Misleading CBC article

By letter to the editor on December 2, 2021.

I was recently completely blown away by an article from CBC Radio. The headline was “I Rediscovered an Old Board Game During the Pandemic, But Found Its Fans Now Include Hate Groups.” As a long-time tabletop RPG player, I was immediately intrigued. It turns out that the person who wrote the article discovered a miniature war game called Warhammer 40,000. The report went on to explain how shocked the person was to learn that some players in the game were white supremacists and supporters of Trump, and they were not sure they could play it safe. The web article tried to give the impression that Warhammer was controlled by racists and hate groups, drawing suspicion on it as a method of entertainment and whether it resulted in unsavory political views and practices. After reading it, I couldn’t believe my eyes. It was ridiculous. I remembered a similar argument made in the 1980s and early 1990s about the game of Dungeons and Dragons. The game (mostly Lord of the Rings themed, using different names to avoid copyright issues), got caught in the social frenzy known as “satanic panic”, a phenomenon stirred up by Christians conservatives in the 1980s and 1990s, backed by hack-pop-psychologists, who couldn’t fathom the reality that “mainstream family” models were showing cracks in their Norman Rockwell facades. Panic ravaged North America with innuendos and flagrant violations of the Judeo-Christian 9th Commandment. Before the absurdity of satanic panic came to an end and the fear of “satanic ritual abuse” was seen as the garbage charlatan that it was, tens of thousands were falsely accused, thousands falsely accused. prisoners, and as many families and many communities (eg Martinsville, Saskatchewan), were torn apart and traumatized in a 20th century re-enactment of the Salem witch trials.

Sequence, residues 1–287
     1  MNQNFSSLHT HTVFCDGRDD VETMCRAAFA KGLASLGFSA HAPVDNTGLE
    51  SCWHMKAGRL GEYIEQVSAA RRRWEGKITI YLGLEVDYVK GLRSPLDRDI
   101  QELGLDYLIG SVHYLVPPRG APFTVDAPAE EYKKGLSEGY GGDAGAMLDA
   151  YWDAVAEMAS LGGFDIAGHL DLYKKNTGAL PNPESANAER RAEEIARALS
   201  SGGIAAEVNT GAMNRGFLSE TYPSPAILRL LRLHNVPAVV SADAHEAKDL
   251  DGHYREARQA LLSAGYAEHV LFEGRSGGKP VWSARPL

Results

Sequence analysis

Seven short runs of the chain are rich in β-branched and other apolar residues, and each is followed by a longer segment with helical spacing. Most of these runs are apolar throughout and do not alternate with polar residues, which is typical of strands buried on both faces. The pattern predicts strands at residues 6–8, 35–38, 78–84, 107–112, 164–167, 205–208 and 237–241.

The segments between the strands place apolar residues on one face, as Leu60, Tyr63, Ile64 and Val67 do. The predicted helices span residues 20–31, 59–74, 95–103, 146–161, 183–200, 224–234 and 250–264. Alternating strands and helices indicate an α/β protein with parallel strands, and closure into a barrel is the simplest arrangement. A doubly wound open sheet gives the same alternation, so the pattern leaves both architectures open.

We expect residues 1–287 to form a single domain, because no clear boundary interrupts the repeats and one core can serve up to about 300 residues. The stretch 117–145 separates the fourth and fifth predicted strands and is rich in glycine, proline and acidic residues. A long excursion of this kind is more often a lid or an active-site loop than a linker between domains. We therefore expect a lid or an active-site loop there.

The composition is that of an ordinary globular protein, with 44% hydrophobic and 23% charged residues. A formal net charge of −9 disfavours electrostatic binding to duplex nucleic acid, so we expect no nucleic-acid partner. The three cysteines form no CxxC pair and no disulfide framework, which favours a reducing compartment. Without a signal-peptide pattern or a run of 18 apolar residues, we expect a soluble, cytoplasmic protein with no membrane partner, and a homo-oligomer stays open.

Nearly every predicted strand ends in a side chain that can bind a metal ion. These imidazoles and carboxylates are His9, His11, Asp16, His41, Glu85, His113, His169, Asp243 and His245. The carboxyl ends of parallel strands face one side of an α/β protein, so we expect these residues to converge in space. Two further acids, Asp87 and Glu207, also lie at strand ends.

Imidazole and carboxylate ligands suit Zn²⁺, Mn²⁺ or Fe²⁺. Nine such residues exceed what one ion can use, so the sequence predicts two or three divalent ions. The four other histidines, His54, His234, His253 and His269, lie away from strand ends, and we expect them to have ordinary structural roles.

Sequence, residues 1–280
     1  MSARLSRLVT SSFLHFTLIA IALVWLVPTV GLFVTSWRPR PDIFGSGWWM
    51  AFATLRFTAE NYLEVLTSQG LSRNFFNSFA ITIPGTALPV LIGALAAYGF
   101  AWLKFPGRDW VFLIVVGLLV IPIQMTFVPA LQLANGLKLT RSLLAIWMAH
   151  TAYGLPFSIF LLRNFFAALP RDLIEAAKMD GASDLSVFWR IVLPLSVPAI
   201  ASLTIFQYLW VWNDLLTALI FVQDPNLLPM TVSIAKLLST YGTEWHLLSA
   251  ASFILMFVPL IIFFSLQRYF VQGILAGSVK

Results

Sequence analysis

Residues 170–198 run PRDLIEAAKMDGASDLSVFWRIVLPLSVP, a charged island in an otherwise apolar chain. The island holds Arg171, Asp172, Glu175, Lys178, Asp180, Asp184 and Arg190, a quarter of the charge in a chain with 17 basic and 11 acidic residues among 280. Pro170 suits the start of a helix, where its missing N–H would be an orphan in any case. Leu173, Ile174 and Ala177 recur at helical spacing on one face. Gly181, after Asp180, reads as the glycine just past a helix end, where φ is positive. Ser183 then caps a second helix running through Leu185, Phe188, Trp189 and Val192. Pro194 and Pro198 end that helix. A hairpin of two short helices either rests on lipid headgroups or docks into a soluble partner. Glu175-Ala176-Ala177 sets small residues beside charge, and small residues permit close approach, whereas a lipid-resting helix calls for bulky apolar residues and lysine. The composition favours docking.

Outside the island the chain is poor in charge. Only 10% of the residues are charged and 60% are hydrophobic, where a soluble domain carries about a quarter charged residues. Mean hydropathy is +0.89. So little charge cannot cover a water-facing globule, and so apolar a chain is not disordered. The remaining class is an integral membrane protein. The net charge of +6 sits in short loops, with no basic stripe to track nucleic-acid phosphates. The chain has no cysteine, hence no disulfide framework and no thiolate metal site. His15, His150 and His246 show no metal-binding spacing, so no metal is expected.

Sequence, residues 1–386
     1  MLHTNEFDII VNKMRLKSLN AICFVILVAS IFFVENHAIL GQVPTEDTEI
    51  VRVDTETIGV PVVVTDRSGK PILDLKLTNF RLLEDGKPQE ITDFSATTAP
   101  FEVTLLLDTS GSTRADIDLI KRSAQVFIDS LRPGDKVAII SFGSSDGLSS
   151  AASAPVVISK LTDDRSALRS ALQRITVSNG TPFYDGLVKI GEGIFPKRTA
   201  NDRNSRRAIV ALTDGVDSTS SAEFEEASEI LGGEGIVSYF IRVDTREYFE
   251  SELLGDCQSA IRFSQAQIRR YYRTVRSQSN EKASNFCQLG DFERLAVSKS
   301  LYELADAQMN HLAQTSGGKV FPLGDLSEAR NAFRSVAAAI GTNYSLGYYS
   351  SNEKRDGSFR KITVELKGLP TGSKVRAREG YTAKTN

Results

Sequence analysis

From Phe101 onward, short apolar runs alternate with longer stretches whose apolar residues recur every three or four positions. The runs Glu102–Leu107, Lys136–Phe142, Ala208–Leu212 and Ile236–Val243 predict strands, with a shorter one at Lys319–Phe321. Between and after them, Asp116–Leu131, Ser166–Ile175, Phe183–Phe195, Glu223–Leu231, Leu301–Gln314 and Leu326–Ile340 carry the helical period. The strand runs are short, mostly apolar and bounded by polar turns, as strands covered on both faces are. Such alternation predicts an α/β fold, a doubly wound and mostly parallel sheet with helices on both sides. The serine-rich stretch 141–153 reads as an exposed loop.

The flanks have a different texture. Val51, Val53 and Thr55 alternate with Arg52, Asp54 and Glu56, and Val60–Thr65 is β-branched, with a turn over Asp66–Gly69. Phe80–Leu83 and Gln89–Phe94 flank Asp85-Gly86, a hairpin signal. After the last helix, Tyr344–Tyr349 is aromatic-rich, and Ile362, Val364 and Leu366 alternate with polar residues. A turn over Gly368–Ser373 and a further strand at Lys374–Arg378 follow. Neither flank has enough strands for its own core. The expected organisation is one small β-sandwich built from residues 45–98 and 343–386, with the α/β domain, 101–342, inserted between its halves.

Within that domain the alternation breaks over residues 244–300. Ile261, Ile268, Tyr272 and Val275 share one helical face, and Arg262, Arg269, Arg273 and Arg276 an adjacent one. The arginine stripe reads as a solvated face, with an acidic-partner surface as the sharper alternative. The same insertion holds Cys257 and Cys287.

At the end of the day, the author of this article basically said, “I’m just going to play the game with people I feel comfortable with.”
So, in essence, this was a completely useless and irrational article, where the author finally discovered a certain sense of rationality, while also trying to stir fervor on imaginary associations that Warhammer 40,000 leads impressionable young people to become. members with cards. of the Ku Klux Klan. For those of us who have experienced (at least tangentially) the satanic panic… I vow not to fall into the trap of this absurdity anymore, and I encourage others not to do it either!
Thomas bartoli

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